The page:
I guess a little madness in your day is better than nothing at all.


My brothers and I don't get out much, but when we do it's usually for something awesome. Take Spam-A-Lot, for instance. We've been Monty Python fans for a long time and watching this play was like a dream come true (and if you don't know anything about those crazy Brits then look 'em up or you will be forced to cut down the mightiest tree in the woods with a herring, so sayeth the Lord). How can you not love a musical with such catchy tunes as "Fisch Schlapping Song," "I Am Not Dead Yet," or "You Won't Succeed on Broadway?" One of my favorite lines from that last song: "You can have a grand piano, but they will not give a damn-o, if you don't have any Jews." I laughed so hard through this play that my jaws hurt for hours.

Getting in and out of San Francisco was a pain in the ass, though. It's a fine city, but I think anyone who actually likes living there needs their brain examined and be severly medicated. I was also surprised to not see many people our age. The audience consisted mostly of middle aged people to the elderly with some kids under sixteen. So what if we weren't even born when the Holy Grail was made? That doesn't mean we still can't enjoy it! We even wore our Monty Python shirts and underwear! Come on, people! Get yourselves cultured! Anyways, if you ever get the chance to see this play then I highly urge you do. Fight through Mordor to buy those tickets if you have to. I assure you that you won't be dissapointed.

By the way, that guy standing next to Mike is my younger brother, Alan, who likes to blow his trumpet for a living. Why am I related to such freaks?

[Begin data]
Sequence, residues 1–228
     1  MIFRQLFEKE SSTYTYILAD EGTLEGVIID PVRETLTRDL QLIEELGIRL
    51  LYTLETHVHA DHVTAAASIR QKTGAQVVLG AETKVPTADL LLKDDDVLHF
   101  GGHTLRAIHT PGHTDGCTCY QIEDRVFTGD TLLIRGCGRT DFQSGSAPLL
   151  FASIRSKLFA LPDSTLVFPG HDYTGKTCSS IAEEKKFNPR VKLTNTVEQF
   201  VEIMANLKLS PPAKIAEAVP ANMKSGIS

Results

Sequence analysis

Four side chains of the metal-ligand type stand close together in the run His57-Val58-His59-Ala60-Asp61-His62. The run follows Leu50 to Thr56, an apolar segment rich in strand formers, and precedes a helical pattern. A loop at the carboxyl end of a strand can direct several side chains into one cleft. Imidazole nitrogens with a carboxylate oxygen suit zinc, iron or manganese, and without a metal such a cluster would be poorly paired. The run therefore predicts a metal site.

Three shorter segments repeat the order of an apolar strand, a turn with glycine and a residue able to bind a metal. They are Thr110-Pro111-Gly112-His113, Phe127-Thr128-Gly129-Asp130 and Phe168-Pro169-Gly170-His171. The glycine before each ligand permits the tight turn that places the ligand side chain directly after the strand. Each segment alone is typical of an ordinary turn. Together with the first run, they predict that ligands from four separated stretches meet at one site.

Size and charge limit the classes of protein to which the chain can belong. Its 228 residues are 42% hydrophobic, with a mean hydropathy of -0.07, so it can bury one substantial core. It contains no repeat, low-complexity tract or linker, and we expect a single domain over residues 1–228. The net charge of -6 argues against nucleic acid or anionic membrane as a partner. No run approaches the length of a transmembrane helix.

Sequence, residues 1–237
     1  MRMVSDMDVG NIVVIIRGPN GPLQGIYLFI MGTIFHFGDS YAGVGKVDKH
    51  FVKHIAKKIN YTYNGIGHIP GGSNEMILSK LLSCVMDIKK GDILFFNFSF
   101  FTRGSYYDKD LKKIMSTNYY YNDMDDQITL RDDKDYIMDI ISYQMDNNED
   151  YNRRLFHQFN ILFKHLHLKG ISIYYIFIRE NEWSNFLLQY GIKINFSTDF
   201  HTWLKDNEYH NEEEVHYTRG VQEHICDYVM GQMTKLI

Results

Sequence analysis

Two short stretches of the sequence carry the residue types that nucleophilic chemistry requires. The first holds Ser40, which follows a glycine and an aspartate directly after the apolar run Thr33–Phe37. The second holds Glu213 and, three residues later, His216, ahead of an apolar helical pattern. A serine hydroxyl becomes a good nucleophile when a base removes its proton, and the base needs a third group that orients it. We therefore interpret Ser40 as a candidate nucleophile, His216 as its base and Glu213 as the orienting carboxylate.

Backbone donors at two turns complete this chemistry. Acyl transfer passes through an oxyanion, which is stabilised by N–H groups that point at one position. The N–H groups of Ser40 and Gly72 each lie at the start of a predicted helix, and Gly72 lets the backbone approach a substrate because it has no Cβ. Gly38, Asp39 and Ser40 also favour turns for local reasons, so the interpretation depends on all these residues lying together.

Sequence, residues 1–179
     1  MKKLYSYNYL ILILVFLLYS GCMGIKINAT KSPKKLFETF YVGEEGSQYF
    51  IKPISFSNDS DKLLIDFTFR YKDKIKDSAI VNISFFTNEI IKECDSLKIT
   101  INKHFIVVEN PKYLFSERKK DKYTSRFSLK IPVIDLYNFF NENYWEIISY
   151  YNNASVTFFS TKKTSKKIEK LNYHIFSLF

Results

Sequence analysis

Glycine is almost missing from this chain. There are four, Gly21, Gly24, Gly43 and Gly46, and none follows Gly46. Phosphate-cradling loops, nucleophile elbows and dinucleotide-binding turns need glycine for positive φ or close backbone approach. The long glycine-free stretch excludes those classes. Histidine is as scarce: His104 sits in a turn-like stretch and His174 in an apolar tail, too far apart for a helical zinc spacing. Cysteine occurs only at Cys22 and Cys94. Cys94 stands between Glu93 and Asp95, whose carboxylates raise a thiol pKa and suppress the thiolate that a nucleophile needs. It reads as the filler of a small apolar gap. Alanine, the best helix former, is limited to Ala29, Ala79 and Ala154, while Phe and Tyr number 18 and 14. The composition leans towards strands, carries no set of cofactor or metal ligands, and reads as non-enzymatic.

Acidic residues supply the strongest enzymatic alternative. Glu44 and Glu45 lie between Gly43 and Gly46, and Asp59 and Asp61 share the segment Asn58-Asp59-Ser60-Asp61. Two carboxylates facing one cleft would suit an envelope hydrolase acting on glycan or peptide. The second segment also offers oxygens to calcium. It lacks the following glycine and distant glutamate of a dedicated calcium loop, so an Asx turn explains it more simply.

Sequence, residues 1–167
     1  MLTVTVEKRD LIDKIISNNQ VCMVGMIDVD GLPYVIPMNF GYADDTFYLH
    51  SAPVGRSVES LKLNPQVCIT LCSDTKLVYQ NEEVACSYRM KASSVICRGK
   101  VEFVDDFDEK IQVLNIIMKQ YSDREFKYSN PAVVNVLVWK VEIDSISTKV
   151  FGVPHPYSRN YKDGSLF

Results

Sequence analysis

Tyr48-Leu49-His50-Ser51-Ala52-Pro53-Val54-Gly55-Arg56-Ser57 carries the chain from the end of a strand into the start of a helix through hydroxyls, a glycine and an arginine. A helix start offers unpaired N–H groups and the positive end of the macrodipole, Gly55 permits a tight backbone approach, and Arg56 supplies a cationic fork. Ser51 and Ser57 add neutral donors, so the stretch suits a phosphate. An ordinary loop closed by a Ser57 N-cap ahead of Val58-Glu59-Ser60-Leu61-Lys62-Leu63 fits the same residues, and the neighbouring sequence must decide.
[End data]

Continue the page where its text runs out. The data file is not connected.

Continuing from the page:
Thursday, June 18, 2009

Older Brother's Graduation

This freak of nature here is my older brother, Mike, who had graduated on the 14th as a Summa Cum Laude with a Bachelor of Fine Arts from the University of East Bay, formerly known as Hayward. He wants to draw pretty pictures for a living and maybe make comics. If he asks nice enough, I might even write the scripts for said comics. Congrats, bro.

Hello, Internet. Shall we play a game?

Great. Now I've done it. Now I'm officially a part of the internet age. I am now a (o black horror!) a blogger. I have to tell you, I am still nervous with the idea of keeping an online journal/diary that anyone can read, but what the hey. It's something different and it could result in some interesting and memorable moments. Who knows, I might actually enjoy it.

Now for some introductions. My name is David R. Matteri. How do you do, internet? What's that? What will I blog about? Good question. I don't know, but it will probably be mostly about horror, fantasy, sci fi, video games, movies, music, pop culture, or anything else that catches my interest and wish to post on my blog. Two topics I will try to avoid like the black death are politics and religion. If you wish to pursue such topics there are plenty of other blogs to read out there. Otherwise, I welcome you all, fellow denizens of the internet to read and comment on the babblings of a twenty year old kid living in Benicia, California.

Shall we play a game?